By Jared Chausow
By Katie Toth
By Elizabeth Flock
By Albert Samaha
By Anna Merlan
By Jon Campbell
By Jon Campbell
By Albert Samaha
It was good news for modern fundamentalist manor so it seemed. Last week, the Centers for Disease Control and Prevention released a new study on what has come to be called "risky social and sexual behaviors." To be more precise, the report triumphantly announced that fewer high school students are having unprotected sex, drinking alcohol, and smoking cigarettes.
But there was bad news, too: Obesity rates are soaring among teens. Is there a connection? The CDC can't saybecause it never correlated its findings that way. The agency didn't look into what might seem an obvious question: whether the absence of sin correlates with an excess of fat.
That certainly seems to be the case with smoking and obesity. A recent report in the Journal of Health Economics points out that weight gain may be "an unintended consequence of the anti-smoking campaign." When the price of cigarettes rises (via taxation), so does the number of visits to restaurants. As for those who've never smoked, they're not getting tobacco's appetite-suppressing effect. But imagine the row if a federal agency announced that smoking correlates with staying trim.
As for that sin of sins, premarital sex, I assume that teens who are getting well laid are less likely to be fat, if only because they're probably not depressed. For that matter, in most circles, keeping fit maximizes your chance at having sex. This suggests that the best cure for obesity is a combination of diet, exercise, and nookie. But just imagine the stew in the pews if the CDC found lower obesity rates among young fuck bunnies. You might as well give Howard Stern the Freedom Medal.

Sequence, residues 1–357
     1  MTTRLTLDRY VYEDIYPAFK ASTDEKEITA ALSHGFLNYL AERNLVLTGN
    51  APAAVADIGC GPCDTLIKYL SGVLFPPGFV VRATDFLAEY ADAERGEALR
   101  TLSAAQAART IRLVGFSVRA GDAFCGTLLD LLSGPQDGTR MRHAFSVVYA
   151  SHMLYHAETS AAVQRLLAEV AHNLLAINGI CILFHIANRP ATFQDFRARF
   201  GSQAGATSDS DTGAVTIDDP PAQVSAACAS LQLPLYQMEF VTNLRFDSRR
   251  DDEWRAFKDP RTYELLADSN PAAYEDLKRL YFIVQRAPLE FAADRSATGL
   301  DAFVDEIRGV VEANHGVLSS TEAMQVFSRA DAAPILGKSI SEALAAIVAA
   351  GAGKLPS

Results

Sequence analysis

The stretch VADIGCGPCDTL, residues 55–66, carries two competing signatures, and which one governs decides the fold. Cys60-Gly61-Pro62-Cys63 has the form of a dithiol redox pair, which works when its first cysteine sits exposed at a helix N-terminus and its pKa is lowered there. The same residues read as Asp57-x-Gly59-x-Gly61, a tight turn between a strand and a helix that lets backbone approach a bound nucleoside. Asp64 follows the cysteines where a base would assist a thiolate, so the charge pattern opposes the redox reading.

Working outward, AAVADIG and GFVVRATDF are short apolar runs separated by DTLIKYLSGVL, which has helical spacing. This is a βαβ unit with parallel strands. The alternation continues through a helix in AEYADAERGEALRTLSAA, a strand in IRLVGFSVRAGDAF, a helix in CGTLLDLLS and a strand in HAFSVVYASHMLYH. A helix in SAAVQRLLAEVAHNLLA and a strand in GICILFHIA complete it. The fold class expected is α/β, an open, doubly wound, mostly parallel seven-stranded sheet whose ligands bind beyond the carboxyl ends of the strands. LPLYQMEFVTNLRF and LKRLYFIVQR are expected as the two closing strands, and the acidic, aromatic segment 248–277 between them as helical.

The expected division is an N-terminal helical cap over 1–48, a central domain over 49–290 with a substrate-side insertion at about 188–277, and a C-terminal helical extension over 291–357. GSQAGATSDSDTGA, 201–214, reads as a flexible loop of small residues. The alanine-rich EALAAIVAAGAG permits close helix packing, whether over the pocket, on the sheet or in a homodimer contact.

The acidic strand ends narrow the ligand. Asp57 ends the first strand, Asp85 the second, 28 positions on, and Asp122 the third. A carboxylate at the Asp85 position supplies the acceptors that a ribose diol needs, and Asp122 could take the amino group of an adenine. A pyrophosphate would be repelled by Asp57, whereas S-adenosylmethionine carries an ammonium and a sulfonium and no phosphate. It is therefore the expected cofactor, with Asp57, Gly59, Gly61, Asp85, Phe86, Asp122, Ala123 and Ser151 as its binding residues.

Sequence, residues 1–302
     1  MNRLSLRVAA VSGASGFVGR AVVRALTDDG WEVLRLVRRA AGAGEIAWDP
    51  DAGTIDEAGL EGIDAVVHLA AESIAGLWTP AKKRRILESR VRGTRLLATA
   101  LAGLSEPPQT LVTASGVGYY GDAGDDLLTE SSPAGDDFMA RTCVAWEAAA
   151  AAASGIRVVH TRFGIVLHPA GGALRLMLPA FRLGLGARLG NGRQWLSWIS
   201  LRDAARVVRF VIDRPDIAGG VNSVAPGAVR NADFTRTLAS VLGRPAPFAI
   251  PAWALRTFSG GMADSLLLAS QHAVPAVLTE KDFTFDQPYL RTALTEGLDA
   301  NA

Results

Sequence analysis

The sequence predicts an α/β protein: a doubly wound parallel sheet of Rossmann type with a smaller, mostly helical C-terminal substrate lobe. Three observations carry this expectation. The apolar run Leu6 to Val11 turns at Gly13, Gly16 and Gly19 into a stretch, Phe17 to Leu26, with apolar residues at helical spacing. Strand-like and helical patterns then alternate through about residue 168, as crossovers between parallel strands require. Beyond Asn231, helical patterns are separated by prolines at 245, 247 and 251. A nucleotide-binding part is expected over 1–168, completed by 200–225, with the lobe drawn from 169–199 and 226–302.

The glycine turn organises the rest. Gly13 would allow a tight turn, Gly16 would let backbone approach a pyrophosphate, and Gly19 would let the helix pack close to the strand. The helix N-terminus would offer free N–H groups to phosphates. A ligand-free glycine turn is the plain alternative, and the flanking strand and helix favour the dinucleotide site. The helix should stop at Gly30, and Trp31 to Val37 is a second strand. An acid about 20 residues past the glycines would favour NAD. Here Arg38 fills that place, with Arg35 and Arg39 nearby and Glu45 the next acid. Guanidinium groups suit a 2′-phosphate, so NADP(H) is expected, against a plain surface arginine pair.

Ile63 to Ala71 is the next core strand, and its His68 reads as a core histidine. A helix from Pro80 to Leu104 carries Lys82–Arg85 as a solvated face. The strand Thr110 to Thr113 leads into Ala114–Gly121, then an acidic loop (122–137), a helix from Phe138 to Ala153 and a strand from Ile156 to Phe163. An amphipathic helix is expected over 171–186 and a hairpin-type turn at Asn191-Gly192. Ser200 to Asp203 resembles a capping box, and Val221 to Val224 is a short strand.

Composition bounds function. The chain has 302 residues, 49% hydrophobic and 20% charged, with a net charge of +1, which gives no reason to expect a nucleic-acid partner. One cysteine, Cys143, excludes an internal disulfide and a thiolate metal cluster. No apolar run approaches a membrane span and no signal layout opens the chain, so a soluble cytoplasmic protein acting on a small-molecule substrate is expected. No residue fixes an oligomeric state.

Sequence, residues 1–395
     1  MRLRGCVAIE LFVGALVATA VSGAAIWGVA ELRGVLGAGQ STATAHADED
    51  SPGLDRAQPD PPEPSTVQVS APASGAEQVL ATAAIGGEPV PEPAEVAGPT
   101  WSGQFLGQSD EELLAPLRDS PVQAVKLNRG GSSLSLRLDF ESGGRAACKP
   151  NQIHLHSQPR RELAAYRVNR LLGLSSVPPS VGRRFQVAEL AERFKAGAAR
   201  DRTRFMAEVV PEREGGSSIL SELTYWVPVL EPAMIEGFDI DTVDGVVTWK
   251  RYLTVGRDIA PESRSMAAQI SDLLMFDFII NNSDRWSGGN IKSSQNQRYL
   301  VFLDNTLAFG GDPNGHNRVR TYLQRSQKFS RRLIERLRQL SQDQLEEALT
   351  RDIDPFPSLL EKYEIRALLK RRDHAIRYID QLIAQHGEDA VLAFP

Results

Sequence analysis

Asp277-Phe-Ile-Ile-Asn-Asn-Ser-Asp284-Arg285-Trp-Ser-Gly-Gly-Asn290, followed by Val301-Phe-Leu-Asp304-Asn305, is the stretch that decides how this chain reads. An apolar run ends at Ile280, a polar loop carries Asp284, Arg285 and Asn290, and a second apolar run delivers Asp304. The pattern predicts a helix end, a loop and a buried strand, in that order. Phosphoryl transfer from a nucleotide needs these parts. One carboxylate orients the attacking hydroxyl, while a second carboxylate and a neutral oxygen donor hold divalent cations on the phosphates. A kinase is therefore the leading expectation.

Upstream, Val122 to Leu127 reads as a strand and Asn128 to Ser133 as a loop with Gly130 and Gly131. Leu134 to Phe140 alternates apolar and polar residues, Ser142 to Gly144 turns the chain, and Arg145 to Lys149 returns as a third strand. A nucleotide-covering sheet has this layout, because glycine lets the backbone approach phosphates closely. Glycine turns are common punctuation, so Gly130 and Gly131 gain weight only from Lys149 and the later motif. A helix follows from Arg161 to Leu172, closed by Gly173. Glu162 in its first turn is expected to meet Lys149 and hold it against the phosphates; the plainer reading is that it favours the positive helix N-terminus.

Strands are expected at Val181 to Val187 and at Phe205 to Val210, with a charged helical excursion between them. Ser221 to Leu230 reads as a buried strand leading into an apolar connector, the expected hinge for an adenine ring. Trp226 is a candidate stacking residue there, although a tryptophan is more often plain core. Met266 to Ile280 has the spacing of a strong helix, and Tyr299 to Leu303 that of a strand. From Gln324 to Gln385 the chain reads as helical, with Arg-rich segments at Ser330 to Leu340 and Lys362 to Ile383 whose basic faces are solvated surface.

Under Bush, even giving safe-sex information is problematic for the CDC. No wonder it was reticent about looking too deeply into teenage sex. But let's peer at the figures the CDC did release. Turns out that the percentage of teenage girls who are making the beast with two backs increased by 7.5 percent among blacks and 2 percent among whites. And the funk rose by 5 percent among African American boys. The only teens who are actually having less sex are white and Latino dudes. Some triumph of virtue!
But maybe there's good news here, after all. If more girls are having sex (presumably with fewer boys) it might mean that the old curse of the slut is finally losing its power. Back in the '50s, when Kinsey gathered his infamous sex stats, many more unmarried men were getting laid than were single women. That changed during the sexual revolution, which freed many women to have sex. Now we may have reached the point where teenage girls feel freer to explore their libidos, and even to demand that their partners wear the love glove. Not only are penises rising among young menso is condom use. It's increased by 17 percent since 1991.
That raises the profound question of what is is. Lots of young people don't consider oral sex to be the real thing. How about the CDC? They never bothered to define the term. Feds to teens: Eat that!
Research assistance: Matthew Phillp